“I tell you, on that night two people will be in one bed; one will be taken, the other left. . . . ‘Where Lord?’ they asked. He replied, ‘Where there is a dead body, there the vultures will gather.'”(Luke 17:34-37)
In these parallel passages, Jesus refers to two groups of people: those who will be taken and others who will be left behind. This is where the phrase “left behind” comes from that has been attached to rapture theology. The most common interpretation is that Jesus will return to “take” his people to heaven while those who do not believe in him will be “left behind” on earth to suffer God’s judgment. But a careful look at these verses in context will show that they are saying something quite different. In fact, the context of these passages will demonstrate the total opposite to be true.
Who is Being Taken?
In the left behind paradigm, these passages are taught as proof that when Jesus comes, the act of being “taken” refers to the rapture of the saints. But when re-examined in light of the first century Jewish context, this is very problematic. First, Jesus uses the the analogy of the flood as an example of being “taken.” Of course, in the flood story, God saved Noah and his family (the righteous) when he was taken up in the boat. But this is not Jesus’ focus. Jesus focuses on flood as the judgement, not the salvation. He says that when the flood came, the water “took them all away.” In Noah’s day the flood took all the unrighteous away and Noah was saved and “left behind” to repopulate the earth. So in this first analogy it is the unrighteous who are taken, it is the righteous who are left behind.
The idea that the wicked will be taken away in judgment is very much a paradigm the Jewish people understood. This concept of being “taken” is one of the Old Testament’s main themes of judgment. Whenever Israel obeyed God, they prospered in the land that he gave them. Whenever they disobeyed, God judged Israel for breaking the covenant by taking them away to a foreign land. This fate was one of the curses in Deuteronomy 28, promising that if they break the covenant they will be “taken from the land.” This is also pronounced by King Solomon about Israel’s obedience. “When they sin against you—for there is no one who does not sin—and you become angry with them and give them over to the enemy, who takes them captive to his own land, far away or near.” (1 Kings 8:46-49).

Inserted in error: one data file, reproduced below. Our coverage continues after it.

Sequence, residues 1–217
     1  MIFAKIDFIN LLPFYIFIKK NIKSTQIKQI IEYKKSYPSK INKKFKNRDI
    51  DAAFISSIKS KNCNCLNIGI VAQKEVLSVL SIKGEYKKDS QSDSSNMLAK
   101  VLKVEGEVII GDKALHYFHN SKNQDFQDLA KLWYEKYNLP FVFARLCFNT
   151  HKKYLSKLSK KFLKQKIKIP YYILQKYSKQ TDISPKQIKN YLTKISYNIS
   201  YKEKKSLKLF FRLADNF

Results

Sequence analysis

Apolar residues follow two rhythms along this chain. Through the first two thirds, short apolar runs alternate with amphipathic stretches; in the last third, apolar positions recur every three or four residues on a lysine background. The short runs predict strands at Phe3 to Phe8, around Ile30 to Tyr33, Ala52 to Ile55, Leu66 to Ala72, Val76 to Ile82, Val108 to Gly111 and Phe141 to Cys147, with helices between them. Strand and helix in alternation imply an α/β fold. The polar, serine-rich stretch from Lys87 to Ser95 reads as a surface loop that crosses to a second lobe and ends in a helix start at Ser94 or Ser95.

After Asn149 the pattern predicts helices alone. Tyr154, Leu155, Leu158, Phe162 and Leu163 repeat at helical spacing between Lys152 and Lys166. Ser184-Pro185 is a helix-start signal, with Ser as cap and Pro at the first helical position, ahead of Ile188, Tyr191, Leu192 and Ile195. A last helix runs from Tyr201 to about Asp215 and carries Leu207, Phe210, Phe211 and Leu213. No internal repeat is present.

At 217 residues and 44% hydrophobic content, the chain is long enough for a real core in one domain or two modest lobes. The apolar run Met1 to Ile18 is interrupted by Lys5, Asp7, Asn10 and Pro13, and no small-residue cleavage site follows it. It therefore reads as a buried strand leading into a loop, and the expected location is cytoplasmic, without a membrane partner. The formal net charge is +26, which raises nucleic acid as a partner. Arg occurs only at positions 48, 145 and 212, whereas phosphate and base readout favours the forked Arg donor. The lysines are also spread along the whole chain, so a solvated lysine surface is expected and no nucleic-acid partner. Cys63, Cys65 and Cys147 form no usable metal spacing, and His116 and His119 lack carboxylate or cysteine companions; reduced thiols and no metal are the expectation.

Throughout Israel’s history they experienced the cycle of rebellion, judgment, repentance, and restoration. From the period of the Judges to the judgments upon the divided kingdoms of Israel (722 BC) and Judah (586 BC), God judged his people through exile. When God’s people did not heed the warnings of the prophets, God allowed them to be carried away into captivity until they repented and called on his name.
The Jewish audience of Jesus’ teaching that “one will be taken, and one will be left behind” would know exactly what Jesus was saying based on their own history. This is illustrated further in the Luke 17 passage where the disciples ask, “Where will they be taken?” He replied, “Where there is a dead body, there the vultures will gather” (Luke 17:37). Meaning, those who are taken are not taken to heaven, they are taken into judgment, even to a place where the dead are piled up and become food for the vultures. Jesus was saying that when he comes, Israel will go into captivity because of their disobedience.
When end-times prophecy teachers use these passages to teach about being left behind, they are missing what Jesus is actually teaching. This is a warning to the Jewish nation that if they do not once again heed the prophets and repent to accept him as the Messiah, the nation will once again be taken into captivity. And that is exactly what happened 40 years later in AD 70 when the Romans destroyed Jerusalem. Tens of thousands were killed and many more were taken into captivity by the Romans. This is exactly why Jesus cried over Jerusalem because he knew this judgment was coming.
It is Good To Be Left Behind
Based on this understanding of Jesus’ words, being left behind is a good thing!! Not because I am saying Christians will go through the tribulation. I am not concerned about that whole pre-mid-post-notrib-pantrib debate. But I can tell you that being left behind is a good thing, according to this passage, because when Jesus comes again, he will be “taking” the wicked away into judgment and leaving behind those who have stayed faithful to him. Therefore, I want to be left behind on earth with Jesus, don’t you?
I believe Jesus is coming soon. I believe his coming is the “blessed hope.” But that blessed hope is not rooted in whether or not I will escape the tribulation. I know that when Jesus comes, I will be left behind to rule and reign on earth with Jesus as he establishes his kingdom on earth. I also know the wicked will be taken away from the earth to purify the earth in his kingdom. That is good news. Perhaps they will make a movie about that! Because I would love to imagine what that will be like.
P.S. If you are worried about the mark of the beast, be sure to check out this blog on why you don’t have to worry about the mark of the beast. Like left behind, the mark of the beast understood in first century context doesn’t mean what the prophecy teachers say it means.